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Thursday, February 28, 2013

Will Bloomberg Use Virginia As Next Test of His Strategy?

Bloomberg was taking a victory lap yesterday after his annointed candidate won the Democratic Primary to replace disgraced Chicago Congressman Jesse Jackson, Jr.  As the NRA told The Hill, Chicago's 2nd District was never a pro-gun district even though one of the candidates running had an "A" rating from the NRA.  Bloomberg spent heavily in the district, the NRA spent nothing.
“We fully expect Mayor Bloomberg to try to spend a considerable amount of his fortune in the upcoming months, as he has already in the past few weeks. But the simple fact remains: Illinois-2 was never a pro-gun district, so to try and suggest this is a major victory of any kind is disingenuous,” said NRA spokesman Andrew Arulanandam.
Bloomberg and his gun control minions are channelling Vice President Joe Biden, saying public sentiment has changed and Tuesday's results prove it.  But while Bloomberg has deep pockets, it is unlikely he is going to put his money where there is no path to victory and a large number of the U.S. Congressional districts are gerrymandered so much from one side to the other that it leaves him very few districts with which to work.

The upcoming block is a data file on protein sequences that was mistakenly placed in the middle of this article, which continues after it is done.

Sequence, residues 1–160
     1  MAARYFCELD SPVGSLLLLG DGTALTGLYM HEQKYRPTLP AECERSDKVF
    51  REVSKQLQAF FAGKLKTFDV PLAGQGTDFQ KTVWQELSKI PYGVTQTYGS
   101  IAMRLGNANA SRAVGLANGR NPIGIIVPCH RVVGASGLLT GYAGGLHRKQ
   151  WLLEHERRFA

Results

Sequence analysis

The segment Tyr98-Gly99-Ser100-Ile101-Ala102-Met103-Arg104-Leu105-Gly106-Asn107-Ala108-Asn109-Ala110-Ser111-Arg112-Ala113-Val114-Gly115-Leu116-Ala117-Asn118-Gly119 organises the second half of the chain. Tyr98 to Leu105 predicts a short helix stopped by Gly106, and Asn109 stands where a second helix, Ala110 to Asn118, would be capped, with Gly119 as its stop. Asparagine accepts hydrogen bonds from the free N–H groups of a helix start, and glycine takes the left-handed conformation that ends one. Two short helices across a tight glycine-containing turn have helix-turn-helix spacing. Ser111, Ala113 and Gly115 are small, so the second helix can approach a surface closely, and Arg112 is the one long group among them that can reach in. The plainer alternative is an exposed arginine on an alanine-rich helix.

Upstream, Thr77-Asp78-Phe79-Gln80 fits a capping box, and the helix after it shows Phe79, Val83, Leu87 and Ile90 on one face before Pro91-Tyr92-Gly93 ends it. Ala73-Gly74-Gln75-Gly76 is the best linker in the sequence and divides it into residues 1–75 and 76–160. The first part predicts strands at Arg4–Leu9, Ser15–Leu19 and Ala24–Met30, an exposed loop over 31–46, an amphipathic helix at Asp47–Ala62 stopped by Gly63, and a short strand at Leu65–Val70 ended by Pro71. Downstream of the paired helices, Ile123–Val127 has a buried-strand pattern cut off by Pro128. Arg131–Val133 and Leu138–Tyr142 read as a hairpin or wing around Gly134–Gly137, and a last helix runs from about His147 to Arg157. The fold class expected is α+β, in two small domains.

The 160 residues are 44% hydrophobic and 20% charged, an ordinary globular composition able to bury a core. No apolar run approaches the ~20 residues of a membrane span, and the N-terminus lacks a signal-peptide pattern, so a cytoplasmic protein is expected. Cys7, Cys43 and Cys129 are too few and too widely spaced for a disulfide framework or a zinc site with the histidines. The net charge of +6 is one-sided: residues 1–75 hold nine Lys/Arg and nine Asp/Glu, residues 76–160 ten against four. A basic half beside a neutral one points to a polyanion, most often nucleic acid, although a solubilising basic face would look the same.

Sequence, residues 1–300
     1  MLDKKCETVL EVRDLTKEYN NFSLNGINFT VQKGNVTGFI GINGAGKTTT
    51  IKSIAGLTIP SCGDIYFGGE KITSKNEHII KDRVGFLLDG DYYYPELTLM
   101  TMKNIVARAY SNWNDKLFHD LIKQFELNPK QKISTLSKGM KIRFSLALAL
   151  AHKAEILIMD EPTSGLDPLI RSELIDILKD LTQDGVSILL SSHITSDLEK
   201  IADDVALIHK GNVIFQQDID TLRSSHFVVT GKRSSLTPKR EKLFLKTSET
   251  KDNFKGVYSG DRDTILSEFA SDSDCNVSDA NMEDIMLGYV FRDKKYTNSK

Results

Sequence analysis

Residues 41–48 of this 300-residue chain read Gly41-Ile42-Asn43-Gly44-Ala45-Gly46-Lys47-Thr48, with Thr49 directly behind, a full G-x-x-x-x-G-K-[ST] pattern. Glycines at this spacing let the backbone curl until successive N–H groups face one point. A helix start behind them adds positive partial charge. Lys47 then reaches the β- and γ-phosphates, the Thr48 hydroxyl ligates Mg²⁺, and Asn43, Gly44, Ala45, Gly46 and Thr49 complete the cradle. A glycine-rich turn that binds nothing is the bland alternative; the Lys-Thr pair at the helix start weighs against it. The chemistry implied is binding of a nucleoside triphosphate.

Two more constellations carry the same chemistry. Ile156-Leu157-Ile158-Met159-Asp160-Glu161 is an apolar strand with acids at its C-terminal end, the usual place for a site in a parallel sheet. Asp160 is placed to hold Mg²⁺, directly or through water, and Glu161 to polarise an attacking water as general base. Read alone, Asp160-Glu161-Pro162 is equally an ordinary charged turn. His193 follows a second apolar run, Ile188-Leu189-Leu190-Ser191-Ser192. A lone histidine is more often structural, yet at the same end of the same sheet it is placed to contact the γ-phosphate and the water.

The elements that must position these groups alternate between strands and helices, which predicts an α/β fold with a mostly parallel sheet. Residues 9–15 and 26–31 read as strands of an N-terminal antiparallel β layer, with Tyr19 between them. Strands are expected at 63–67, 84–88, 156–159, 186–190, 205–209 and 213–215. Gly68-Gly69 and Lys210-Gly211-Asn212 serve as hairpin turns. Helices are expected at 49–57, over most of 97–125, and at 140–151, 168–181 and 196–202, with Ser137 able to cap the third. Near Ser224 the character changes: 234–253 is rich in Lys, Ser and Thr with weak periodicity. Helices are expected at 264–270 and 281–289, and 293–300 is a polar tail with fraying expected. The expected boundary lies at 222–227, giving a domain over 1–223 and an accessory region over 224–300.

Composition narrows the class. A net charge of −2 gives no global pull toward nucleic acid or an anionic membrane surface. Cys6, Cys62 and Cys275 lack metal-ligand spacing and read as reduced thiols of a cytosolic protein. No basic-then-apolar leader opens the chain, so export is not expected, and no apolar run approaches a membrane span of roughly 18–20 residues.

Which brings us to this year's Virginia's Governor's race.  Virginia is referred to as "purple" as it has gone for Obama in the last two presidential elections and Democrats have won the last two U.S. Senate elections, yet has 8 of its 11 congressional seats in Republican hands and currently has a Republican Governor.  It is one of two states with statewide elections this year and the GOP candidate, Attorney General Ken Cuccinelli, is strongly pro-rights while the Democratic candidate, Terry McAuliffe, is trying to play what the anti-rights crowd consider the middle ground.   McAuliffe made a point of purchasing a very expensive shotgun at Gander Mountain recently while calling for reinstatement of handgun rationing and banning so-called "assault weapons."  It looks like Virginia will be the only one of the two states that will be competitive this year.  This mixture is tailor made for Bloomberg's strategy.

Bloomberg's anti-rights efforts are more of a threat than the Brady Campaign et al have ever been.  First, he has money, lots of it, and he is not adverse to spending it.  But there is something else that makes him a threat to our rights.  He has figured out how to wrap a radical message in a package that seems non-controversial to the average person.  Most people believe criminals should not have firearms.  Those of us who dig deeper know that he doesn't really like firearms and thinks only the police should have them.

There has been a reawakinging of the grassroots.  The question is, will it last long enough to put Bloomberg in his place.  Virginia in 2013 could be the first test.

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